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Interim Enforcement Policy for Permanent Implant Brachytherapy Medical Event Reporting

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AGENCY:

Nuclear Regulatory Commission.

ACTION:

Policy statement; revision.

SUMMARY:

The U.S. Nuclear Regulatory Commission (NRC) is issuing an interim Enforcement Policy that allows the staff to exercise enforcement discretion for certain violations of regulations for reporting medical events occurring under an NRC licensee's permanent implant brachytherapy program. This interim policy affects NRC licensees that are authorized to perform permanent implant brachytherapy.

DATES:

This policy revision is effective July 9, 2013. The NRC is not soliciting comments on this revision to its Enforcement Policy at this time.

ADDRESSES:

Please refer to Docket ID NRC-2013-0114 when contacting the NRC about the availability of information regarding this document. You may access information related to this document, which the NRC possesses and is publicly available, using any of the following methods:

  • Federal Rulemaking Web site: Go to http://www.regulations.gov and search for Docket ID NRC-2013-0114. Address questions about NRC dockets to Carol Gallagher; telephone: 301-492-3668; email: Carol.Gallagher@nrc.gov. For technical questions, contact the individual listed in the FOR FURTHER INFORMATION CONTACT section of this document.
  • NRC's Agencywide Documents Access and Management System (ADAMS): You may access publicly available documents online in the NRC Library at http://www.nrc.gov/​reading-rm/​adams.html. To begin the search, select “ADAMS Public Documents” and then select “Begin Web-based ADAMS Search.” For problems with ADAMS, please contact the NRC's Public Document Room (PDR) reference staff at 1-800-397-4209, 301-415-4737, or by email to pdr.resource@nrc.gov. The ADAMS accession number for each document referenced in this document (if that document is available in ADAMS) is provided the first time that a document is referenced. The Enforcement Policy is available in ADAMS under Accession No. ML12340A295.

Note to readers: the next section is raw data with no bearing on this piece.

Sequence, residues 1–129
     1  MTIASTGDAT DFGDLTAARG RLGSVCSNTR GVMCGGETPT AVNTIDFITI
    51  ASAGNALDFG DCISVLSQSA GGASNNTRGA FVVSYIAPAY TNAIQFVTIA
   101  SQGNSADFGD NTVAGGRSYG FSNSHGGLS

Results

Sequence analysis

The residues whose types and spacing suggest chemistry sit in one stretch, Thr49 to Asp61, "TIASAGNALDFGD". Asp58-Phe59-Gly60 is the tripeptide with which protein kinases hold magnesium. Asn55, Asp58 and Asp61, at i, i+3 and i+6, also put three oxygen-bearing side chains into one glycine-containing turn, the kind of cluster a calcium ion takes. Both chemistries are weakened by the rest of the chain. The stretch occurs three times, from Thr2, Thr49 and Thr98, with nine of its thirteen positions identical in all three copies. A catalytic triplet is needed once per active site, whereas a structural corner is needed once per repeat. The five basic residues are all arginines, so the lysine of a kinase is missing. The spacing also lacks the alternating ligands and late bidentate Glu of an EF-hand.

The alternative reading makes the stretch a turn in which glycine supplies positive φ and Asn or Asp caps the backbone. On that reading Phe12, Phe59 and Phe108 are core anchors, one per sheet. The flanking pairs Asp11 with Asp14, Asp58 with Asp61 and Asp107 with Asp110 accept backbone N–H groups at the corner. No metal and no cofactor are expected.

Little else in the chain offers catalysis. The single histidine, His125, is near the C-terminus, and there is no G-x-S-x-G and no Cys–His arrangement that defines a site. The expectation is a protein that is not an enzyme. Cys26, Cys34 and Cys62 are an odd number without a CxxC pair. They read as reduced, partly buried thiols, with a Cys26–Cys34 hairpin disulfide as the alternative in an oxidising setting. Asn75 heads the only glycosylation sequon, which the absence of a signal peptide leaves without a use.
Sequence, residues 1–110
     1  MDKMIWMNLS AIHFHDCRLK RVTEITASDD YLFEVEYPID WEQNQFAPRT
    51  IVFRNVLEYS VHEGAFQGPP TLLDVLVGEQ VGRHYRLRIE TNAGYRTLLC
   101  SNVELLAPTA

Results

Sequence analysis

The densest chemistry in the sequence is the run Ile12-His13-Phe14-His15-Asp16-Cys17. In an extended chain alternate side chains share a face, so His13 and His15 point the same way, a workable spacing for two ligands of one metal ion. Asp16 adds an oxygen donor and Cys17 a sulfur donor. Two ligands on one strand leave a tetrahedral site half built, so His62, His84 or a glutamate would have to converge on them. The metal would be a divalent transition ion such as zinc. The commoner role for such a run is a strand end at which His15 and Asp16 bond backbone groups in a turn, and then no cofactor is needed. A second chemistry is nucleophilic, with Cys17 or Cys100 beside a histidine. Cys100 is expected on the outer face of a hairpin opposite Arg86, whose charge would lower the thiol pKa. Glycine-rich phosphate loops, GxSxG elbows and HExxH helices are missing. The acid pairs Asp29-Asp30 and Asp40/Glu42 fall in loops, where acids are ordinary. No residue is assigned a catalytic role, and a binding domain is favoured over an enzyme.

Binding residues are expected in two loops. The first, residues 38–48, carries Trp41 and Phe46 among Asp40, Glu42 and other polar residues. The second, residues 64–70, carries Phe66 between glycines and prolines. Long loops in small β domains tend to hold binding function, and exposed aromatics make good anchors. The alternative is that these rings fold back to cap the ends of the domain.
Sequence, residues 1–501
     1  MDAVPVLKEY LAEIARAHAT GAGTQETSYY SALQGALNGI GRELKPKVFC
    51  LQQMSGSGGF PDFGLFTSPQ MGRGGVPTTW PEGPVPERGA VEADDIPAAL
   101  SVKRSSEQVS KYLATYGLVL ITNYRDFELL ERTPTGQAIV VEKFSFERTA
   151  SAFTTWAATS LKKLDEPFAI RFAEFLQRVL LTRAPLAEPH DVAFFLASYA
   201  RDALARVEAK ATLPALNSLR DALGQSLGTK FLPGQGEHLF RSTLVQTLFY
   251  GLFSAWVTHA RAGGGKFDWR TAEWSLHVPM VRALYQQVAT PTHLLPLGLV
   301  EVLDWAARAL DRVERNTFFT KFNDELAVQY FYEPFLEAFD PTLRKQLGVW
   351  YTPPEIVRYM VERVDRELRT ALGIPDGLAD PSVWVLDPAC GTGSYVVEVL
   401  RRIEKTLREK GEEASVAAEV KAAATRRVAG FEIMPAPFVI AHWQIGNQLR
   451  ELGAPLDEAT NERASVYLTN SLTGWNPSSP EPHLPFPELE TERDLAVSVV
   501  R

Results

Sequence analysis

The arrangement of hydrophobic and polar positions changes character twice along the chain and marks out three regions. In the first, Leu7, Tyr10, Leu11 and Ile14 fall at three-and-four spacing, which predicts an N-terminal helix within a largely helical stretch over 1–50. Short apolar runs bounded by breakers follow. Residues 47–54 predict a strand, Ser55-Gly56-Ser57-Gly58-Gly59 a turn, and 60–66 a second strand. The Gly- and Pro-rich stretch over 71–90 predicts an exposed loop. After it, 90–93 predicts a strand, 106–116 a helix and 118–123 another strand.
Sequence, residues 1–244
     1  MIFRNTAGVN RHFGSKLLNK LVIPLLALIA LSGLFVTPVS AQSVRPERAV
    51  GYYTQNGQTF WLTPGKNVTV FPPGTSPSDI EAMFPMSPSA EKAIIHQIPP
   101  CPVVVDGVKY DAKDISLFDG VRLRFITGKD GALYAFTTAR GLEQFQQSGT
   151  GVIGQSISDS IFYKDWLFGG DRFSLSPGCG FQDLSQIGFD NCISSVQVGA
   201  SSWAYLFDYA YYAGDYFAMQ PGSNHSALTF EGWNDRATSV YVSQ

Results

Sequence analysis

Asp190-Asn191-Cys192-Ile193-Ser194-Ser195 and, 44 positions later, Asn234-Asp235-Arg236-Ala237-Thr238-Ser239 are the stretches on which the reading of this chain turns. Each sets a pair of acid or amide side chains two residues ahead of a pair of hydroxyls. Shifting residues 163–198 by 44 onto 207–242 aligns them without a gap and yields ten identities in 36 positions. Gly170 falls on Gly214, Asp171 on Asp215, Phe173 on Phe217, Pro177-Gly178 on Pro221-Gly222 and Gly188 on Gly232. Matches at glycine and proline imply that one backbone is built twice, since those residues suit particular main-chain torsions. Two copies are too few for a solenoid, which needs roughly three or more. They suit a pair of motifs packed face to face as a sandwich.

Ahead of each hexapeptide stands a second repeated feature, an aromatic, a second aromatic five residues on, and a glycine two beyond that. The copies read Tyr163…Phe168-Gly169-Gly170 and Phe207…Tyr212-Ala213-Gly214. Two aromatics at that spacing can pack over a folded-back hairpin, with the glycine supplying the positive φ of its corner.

• NRC's PDR: You may examine and purchase copies of public documents at the NRC's PDR, Room O1-F21, One White Flint North, 11555 Rockville Pike, Rockville, Maryland 20852.

The NRC maintains the Enforcement Policy on its Web site at http://www.nrc.gov;​ select “Public Meetings and Involvement,” then “Enforcement,” and then “Enforcement Policy.”

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FOR FURTHER INFORMATION CONTACT:

Kerstun Day, Office of Enforcement, U.S. Nuclear Regulatory Commission, Washington, DC 20555-0001; telephone: 301-415-1252; email: Kerstun.Day@nrc.gov.

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SUPPLEMENTARY INFORMATION:

Background

In SECY-05-0234, “Adequacy of Medical Event Definitions in 10 CFR [Title 10 of the Code of Federal Regulations] 35.3045, and Communicating Associated Risks to the Public,” (ADAMS Accession No. ML041620583), dated December 27, 2005, the staff recommended that the Commission approve the staff's plan to revise the medical event definition and the associated requirements for written directives to be source strength-based instead of dose-based. The Commission directed the staff to proceed directly with the development of a proposed rule to modify both the written directive requirements in § 35.40(b)(6) and the medical event reporting requirements in § 35.3045 for permanent implant brachytherapy. The modified medical event reporting requirements would allow the medical event criteria to be based on source strength as opposed to dose. In SRM-SECY-08-0080, “Proposed Rule: Medical Use of Byproduct Material—Amendments/Medical Events Definitions” (ADAMS Accession No. ML082100074), dated July 25, 2008, the Commission approved publication of a proposed rule to (1) amend sections in 10 CFR part 35 involving medical event reporting and (2) clarify requirements for permanent implant brachytherapy programs.